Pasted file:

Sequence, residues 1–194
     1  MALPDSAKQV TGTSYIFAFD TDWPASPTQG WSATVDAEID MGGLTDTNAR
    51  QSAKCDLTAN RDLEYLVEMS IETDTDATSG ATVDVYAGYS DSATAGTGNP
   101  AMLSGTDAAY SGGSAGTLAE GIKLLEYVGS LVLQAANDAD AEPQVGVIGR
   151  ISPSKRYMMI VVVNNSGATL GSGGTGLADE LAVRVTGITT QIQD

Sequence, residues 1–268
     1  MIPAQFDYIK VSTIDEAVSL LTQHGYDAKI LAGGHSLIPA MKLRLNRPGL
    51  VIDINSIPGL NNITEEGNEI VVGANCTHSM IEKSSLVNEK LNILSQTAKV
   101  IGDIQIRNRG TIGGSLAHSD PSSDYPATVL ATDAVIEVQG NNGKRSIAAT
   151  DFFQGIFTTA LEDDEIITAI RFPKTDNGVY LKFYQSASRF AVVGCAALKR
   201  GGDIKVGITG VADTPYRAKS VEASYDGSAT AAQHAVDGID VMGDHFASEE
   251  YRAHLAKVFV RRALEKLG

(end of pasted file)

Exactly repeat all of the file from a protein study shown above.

Sequence, residues 1–194
     1  MALPDSAKQV TGTSYIFAFD TDWPASPTQG WSATVDAEID MGGLTDTNAR
    51  QSAKCDLTAN RDLEYLVEMS IETDTDATSG ATVDVYAGYS DSATAGTGNP
   101  AMLSGTDAAY SGGSAGTLAE GIKLLEYVGS LVLQAANDAD AEPQVGVIGR
   151  ISPSKRYMMI VVVNNSGATL GSGGTGLADE LAVRVTGITT QIQD

Sequence, residues 1–268
     1  MIPAQFDYIK VSTIDEAVSL LTQHGYDAKI LAGGHSLIPA MKLRLNRPGL
    51  VIDINSIPGL NNITEEGNEI VVGANCTHSM IEKSSLVNEK LNILSQTAKV
   101  IGDIQIRNRG TIGGSLAHSD PSSDYPATVL ATDAVIEVQG NNGKRSIAAT
   151  DFFQGIFTTA LEDDEIITAI RFPKTDNGVY LKFYQSASRF AVVGCAALKR
   201  GGDIKVGITG VADTPYRAKS VEASYDGSAT AAQHAVDGID VMGDHFASEE
   251  YRAHLAKVFV RRALEKLG